During the 1917 panel, one question was frequently asked to every member of the cast and crew attending the event; Was Sam Mendes’ idea to shoot the film in one continuous shot crazy? Actors George MacKay and Dean-Charles Chapman thought the idea was crazy during filming. Writer Krysty Wilson-Cairns thought it was crazy as she was writing the script. Producer Pippa Harris thought it was crazy during pre-production. Even legendary cinematographer Roger Deakins asked Sam Mendes why he would make a movie like that. To Mendes, there was no other way he could have made 1917.
After screening the recent featurette showing how the cast and crew created the movie in one continuous shot, they then dove right into a discussion about the production of the movie. Originally, Sam Mendes was inspired to create the movie based on stories his grandfather told him about the first World War. Everyone involved in the production agreed on creating a war movie that took a more human approach to war stories, focusing on the individual rather than the graveness of the war. To Mendes, “There’s a human story here that speaks across generations,” a story that he felt needed to be told. In order to convey this feeling, Mendes and Deakins agreed that while our two main protagonists were the narrative focus of the movie and were mostly alone for most of the runtime, there needed to be a third character traveling along with them; the camera.
Deakins was determined that in order for the movie to succeed, the audience needed to immerse themselves into the world of 1917. The length that the production crew went to create an authentic World War I battlefield is truly admirable. They constructed over a mile of trenches for the 500+ extras to sit in as they filmed with no lighting used outside of natural lighting to replicate a true battle in the spring of 2917. The camera work is fantastic, as is standard for Deakins, but what really stood out to me was the creating of the script and just how meticulous the creation of the script was.
From the very beginning, the movie was created and built up from the concept of doing one continuous shot. According to Mendes, on the front of each and every script given to cast and crew was a note that said “This movie will be filmed in one continuous take.” Everyone was aware of how this movie was going to be structured, and Mendes and Wilson went to an absurd length to make sure that the script was designed in such a way to sync up perfectly with the action on screen.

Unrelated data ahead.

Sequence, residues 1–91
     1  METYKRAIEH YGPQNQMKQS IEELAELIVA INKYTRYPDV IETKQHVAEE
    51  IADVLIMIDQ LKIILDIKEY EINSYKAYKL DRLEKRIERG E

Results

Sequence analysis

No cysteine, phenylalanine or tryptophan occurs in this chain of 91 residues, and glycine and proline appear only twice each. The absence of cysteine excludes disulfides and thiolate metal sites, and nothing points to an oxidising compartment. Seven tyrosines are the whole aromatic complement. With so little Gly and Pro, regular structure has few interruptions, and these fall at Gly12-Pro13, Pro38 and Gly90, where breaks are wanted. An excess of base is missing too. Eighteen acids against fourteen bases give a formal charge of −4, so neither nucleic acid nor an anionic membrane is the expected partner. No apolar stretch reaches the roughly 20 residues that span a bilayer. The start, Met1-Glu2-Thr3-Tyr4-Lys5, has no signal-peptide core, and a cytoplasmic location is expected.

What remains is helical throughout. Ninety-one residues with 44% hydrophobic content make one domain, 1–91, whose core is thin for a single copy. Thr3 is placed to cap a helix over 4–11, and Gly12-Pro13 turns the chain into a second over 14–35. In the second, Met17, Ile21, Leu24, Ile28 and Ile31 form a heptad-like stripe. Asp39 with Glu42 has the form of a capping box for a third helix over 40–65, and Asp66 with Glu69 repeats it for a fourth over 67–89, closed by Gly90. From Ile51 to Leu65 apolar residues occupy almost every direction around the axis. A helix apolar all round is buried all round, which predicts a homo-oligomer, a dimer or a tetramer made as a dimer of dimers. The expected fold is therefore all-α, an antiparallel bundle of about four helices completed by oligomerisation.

An example given was that there’s a scene where Mark Strong is driving in a caravan with several jeeps and has a brief scene with MacKay and Chapman. When their scene concluded, the jeeps had reached their destination naturally without the need for a cut. No edit, no cheap tricks, just a scene that was written to be exactly as long as it needed to be. Wilson went on to describe that the set was measured to match the length of the script, with one discussion being whether or not to move a tree ten yards due to the need of the script. If they took too long to get to the tree, there would have been an awkward pause they didn’t want. If the tree was too close, they wouldn’t be able to complete their scene in time before reaching the destination.
It’s a fascinating concept to be sure and I’m certainly interested in seeing how this meticulously constructed script is conveyed on screen. It’s difficult to talk about the integration of these elements without actually seeing it in action and while we may not have seen any new footage outside of an extended look at the most recent trailer, it’s still difficult to wrap my head around such an ambitious concept. Can this work? Can it all come together? If so, it’ll be an amazing feat of cinema if it does. If not, it will be an example of ambition outpacing technical acumen. However, given the experience of everyone involved, most notably the legendary Roger Deakins, I’m optimistic that they can pull it off. It won’t be long now until we see for ourselves if these cinematic madmen can create a true war epic.
1917 releases December 25, 2019.